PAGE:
The Bridal Canopy was a symphony of chaotic joy.
Thirty four female members of Bokumb’s family were frantically putting together the finishing touches on the bride’s dress and the garments of her attendants. The most elderly women were sitting in comfy chairs along the sides, laughing while regaling about many disaster stories from their weddings of long ago. The middle age women were arguing over the method to pleat Bokumb’s silky sash that was truest to Havpoi tradition. There were several younger girls chasing each other amongst the throng, trying to sneak away with some the bridal makeup and apply it for themselves in a concealed corner of the Bridal Canopy. And sitting in the middle was Bokumb – frustrated with the fussiness of her mother yet trying to remain a calm and collected bride-to-be. Every now and then, she would look at the cacophony that was enclosed in this great Canopy and smiled.
Havpoi custom stipulates that the size of the Bridal Canopy be proportional to the number of aunts the bride has. When the builders learned that Bokumb in fact has twelve aunts, they shook their heads in disbelief and realized they would need more material. After four full days of labor, Bokumb’s canopy was complete. It spanned nearly 25 meters across, supported by several poles to hold up the delicate saffron colored fabric. By comparison, the default Canopy size for brides with no aunts is around five meters supported by a single pole. Additional fabric draped around the perimeter ensured complete privacy to the bride and her party. The two youngest aunts were chosen as the bride’s “Shadows” to guard both entrances on opposite sides of the Canopy. Their obvious task was to ensure no one caught of a glimpse of the bride. For this wedding, however, the Shadows’ primary goal was to keep out the sunlight so that the flower buds that were meticulously coaxed to grow from Bokumb’s Locks would not bloom before the ceremony commenced.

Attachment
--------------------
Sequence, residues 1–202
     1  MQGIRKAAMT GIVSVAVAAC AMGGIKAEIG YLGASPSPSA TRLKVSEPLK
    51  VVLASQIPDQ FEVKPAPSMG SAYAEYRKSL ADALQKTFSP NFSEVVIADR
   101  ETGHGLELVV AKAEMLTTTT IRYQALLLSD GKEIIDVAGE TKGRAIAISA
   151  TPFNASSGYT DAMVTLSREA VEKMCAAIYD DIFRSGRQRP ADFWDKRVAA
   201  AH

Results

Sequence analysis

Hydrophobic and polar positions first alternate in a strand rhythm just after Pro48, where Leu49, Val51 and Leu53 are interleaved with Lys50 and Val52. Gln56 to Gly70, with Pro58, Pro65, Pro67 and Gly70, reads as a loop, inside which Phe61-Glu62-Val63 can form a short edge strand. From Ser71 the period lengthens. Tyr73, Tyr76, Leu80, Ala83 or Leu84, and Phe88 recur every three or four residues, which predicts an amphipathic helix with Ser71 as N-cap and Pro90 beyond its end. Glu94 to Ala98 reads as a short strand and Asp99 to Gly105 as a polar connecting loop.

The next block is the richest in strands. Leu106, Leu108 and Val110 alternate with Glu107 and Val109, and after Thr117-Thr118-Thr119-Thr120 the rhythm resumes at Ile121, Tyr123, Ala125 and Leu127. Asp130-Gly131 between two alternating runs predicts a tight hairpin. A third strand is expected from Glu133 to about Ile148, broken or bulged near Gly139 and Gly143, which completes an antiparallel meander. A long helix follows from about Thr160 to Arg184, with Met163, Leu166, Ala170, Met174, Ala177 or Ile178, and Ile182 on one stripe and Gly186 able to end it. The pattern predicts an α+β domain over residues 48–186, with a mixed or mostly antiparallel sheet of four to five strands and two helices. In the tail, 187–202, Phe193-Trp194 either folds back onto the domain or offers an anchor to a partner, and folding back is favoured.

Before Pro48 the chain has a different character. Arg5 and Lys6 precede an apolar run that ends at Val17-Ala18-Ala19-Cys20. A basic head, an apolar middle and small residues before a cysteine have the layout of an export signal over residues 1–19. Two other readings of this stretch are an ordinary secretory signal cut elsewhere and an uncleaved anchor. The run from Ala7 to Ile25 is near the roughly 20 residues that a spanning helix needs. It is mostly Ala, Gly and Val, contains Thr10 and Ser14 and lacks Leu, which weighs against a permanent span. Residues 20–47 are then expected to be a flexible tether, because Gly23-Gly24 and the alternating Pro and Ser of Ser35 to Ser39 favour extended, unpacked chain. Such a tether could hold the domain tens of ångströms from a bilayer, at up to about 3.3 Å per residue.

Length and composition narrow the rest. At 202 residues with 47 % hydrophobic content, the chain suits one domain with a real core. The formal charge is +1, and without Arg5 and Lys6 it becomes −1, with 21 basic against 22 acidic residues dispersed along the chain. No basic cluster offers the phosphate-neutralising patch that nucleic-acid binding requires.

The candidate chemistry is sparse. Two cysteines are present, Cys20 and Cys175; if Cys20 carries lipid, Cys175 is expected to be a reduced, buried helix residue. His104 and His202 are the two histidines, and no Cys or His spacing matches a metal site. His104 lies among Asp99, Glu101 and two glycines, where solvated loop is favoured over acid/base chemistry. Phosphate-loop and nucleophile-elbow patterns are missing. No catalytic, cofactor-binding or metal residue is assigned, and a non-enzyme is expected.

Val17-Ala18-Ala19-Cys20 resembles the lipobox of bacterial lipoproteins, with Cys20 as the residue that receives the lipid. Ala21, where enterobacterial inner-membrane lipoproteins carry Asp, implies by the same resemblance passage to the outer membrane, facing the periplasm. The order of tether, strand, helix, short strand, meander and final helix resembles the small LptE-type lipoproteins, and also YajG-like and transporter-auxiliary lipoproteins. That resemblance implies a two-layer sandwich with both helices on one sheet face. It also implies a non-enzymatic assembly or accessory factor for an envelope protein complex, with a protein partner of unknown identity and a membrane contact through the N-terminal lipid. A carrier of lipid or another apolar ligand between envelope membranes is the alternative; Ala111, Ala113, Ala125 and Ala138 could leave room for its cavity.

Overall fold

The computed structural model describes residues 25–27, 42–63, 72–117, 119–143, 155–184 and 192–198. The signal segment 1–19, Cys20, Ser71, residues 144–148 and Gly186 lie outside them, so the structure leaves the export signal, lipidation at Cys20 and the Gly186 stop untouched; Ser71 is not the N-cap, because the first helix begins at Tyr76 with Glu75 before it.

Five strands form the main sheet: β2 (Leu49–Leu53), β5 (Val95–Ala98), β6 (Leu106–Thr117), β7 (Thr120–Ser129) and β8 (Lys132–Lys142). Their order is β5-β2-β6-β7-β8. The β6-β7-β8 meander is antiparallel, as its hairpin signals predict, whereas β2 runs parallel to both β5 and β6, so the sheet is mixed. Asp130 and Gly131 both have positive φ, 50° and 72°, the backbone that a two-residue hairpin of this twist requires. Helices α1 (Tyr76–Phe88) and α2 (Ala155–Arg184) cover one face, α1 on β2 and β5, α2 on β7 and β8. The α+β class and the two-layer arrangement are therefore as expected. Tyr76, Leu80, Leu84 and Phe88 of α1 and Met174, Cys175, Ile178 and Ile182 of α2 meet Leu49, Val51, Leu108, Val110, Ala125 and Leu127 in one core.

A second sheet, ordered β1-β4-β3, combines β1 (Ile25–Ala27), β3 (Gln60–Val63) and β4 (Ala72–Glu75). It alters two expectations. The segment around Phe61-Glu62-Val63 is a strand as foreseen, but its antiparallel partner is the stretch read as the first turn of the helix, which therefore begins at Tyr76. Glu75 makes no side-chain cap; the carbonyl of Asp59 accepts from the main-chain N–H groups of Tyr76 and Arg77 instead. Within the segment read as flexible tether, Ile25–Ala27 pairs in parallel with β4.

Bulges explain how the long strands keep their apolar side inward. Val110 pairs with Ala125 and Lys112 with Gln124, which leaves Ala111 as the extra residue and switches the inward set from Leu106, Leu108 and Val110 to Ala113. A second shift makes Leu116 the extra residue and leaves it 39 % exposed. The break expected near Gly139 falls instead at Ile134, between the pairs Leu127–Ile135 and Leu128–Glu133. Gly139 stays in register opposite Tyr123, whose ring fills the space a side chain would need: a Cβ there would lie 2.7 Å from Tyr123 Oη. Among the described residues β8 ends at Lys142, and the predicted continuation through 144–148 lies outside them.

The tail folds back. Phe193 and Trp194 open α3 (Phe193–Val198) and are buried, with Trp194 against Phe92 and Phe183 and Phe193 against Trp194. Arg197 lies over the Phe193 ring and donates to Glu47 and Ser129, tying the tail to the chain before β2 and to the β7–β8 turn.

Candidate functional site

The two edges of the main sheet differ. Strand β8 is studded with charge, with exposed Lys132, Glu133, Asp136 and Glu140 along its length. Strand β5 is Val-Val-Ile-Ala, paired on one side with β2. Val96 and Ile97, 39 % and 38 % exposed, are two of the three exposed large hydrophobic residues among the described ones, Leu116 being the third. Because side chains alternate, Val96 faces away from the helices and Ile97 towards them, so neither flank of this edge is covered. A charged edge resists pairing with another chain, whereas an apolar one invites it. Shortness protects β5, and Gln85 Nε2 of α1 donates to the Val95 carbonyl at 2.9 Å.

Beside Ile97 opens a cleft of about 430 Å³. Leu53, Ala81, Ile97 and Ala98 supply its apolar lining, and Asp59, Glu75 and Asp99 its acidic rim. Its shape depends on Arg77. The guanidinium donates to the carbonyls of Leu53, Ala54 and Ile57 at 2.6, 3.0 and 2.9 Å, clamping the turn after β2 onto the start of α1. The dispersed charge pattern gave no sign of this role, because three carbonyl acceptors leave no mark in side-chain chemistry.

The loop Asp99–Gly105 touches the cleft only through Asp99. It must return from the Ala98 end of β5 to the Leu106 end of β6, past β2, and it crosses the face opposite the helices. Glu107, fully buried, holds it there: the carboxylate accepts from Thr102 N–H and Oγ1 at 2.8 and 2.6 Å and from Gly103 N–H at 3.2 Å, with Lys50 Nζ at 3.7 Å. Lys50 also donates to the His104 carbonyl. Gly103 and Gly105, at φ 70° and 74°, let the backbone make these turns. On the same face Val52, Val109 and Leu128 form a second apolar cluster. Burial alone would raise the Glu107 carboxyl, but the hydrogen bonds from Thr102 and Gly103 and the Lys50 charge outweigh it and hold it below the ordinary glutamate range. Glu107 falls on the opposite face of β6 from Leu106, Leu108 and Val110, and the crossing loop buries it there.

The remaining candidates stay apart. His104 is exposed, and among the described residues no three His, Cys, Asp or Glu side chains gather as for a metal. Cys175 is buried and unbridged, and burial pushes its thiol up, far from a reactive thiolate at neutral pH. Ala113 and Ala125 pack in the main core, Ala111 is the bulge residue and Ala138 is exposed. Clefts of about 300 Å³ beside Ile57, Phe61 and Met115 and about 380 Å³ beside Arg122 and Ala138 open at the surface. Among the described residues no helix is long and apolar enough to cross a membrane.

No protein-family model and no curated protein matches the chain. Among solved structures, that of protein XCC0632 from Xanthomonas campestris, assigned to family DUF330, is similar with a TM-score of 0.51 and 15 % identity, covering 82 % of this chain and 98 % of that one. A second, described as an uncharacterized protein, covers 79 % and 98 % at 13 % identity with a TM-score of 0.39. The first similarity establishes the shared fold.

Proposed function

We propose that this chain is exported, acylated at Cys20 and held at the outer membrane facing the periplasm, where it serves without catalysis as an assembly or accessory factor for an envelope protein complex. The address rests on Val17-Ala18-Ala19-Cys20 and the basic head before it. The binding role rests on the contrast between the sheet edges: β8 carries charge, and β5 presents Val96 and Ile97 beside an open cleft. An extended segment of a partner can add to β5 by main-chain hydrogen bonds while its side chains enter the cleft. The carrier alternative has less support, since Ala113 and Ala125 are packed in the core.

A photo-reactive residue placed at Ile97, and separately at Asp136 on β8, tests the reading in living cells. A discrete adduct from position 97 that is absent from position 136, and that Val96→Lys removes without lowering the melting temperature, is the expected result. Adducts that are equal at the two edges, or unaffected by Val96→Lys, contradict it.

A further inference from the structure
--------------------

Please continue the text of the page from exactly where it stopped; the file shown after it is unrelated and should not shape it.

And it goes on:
Bokumb technically has eleven aunts, but she asked Clara to take the role of the twelfth aunt in the wedding. Clara was awestruck at the honor this request carried, considering Bokumb had to get special permission from the Elders. Bokumb insisted it wasn’t difficult to justify the inclusion of Clara as part of her family. It was because of Clara that Bokumb finished her studies on time and allowed her to take over her fathers textile business. Hours of patient tutoring each day for nine years was the only way Clara could overcome Bokumb’s mild learning disability as well as her impetuous craze for Havpoi youth of the opposite gender. Bokumb’s tenacity, humility and perseverance through those years sparked a deeper connection between her and Clara. She was even entrusted with babysitting a newly born Layne while Clara and Nevin continued their work on other Worlds. In fact, Bokumb is one of a handful of Havpoi who have seen the wonders of the Laboratory and watched a Nexus to another World come to life.
Bokumb felt wave of relief come over her when Clara and Layne entered the Canopy two hours ago. “You will not believe how crazy my mother is. She rearranged my headpiece five times because it didn’t look right!”
“Kumi, it wasn’t perfect. It looks fine now…except for this fan-reed right here. Let me get it.”
Bokumb flinched. “No, mother! It’s fine. Beside, I don’t like it when you call me Kumi. I’m not a child any more.”
Layne put a hand on the bride’s lap and rolled her eyes. “My mom still calls me ‘Lulu’, which is what she called me when i was four! I’m going to be ten soon. So I need to be called ‘Layne’. OK, mom?”
Clara looked at Bokumbs mother and laughed. “They’ll always be our babies, right? Whether they like it or not!”
“This is true, Clara. But they won’t know until they have children of their own. Which hopefully will be not very long for my little Kumi, right?”
“Mom! Let me get past this wedding first before you drive me crazy.” Bokumb paused and looked at the entrance. Then she turned to Clara. “I think someone is calling your name.”
“Yeah, I hear that too. Is that Nevin? They should be seated at the ceremony.”